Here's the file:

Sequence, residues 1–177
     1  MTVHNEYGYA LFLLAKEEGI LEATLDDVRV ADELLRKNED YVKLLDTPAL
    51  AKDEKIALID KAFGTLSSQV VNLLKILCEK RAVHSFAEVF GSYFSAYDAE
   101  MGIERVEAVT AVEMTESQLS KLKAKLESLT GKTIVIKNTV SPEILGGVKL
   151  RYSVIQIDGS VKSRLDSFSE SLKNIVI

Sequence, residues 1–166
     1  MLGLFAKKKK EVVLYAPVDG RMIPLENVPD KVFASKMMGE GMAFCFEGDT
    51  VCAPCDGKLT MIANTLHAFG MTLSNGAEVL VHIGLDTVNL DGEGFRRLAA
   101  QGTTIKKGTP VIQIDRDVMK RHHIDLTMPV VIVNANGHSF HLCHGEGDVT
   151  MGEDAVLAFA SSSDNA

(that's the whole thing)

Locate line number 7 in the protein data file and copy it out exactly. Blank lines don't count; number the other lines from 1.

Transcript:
     1  MLGLFAKKKK EVVLYAPVDG RMIPLENVPD KVFASKMMGE GMAFCFEGDT